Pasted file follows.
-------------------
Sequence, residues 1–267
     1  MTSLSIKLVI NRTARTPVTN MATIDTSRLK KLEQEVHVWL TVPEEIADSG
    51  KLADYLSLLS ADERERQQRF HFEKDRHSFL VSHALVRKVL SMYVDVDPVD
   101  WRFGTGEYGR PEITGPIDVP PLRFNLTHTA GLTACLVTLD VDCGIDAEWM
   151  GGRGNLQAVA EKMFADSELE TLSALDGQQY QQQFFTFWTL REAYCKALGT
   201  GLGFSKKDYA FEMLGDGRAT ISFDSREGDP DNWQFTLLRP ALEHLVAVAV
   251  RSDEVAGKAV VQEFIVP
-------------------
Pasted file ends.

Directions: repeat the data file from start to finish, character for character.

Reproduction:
Sequence, residues 1–267
     1  MTSLSIKLVI NRTARTPVTN MATIDTSRLK KLEQEVHVWL TVPEEIADSG
    51  KLADYLSLLS ADERERQQRF HFEKDRHSFL VSHALVRKVL SMYVDVDPVD
   101  WRFGTGEYGR PEITGPIDVP PLRFNLTHTA GLTACLVTLD VDCGIDAEWM
   151  GGRGNLQAVA EKMFADSELE TLSALDGQQY QQQFFTFWTL REAYCKALGT
   201  GLGFSKKDYA FEMLGDGRAT ISFDSREGDP DNWQFTLLRP ALEHLVAVAV
   251  RSDEVAGKAV VQEFIVP